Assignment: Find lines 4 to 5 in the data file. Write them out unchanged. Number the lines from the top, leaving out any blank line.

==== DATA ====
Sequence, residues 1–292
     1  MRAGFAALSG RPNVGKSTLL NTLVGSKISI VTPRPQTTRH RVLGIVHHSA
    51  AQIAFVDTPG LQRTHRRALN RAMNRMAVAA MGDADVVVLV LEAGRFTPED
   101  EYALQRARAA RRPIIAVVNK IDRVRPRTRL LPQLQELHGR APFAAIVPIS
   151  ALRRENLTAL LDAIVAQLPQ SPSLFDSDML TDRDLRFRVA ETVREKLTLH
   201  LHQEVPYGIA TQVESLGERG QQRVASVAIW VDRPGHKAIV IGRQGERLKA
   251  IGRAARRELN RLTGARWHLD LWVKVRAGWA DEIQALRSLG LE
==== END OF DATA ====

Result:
   101  EYALQRARAA RRPIIAVVNK IDRVRPRTRL LPQLQELHGR APFAAIVPIS
   151  ALRRENLTAL LDAIVAQLPQ SPSLFDSDML TDRDLRFRVA ETVREKLTLH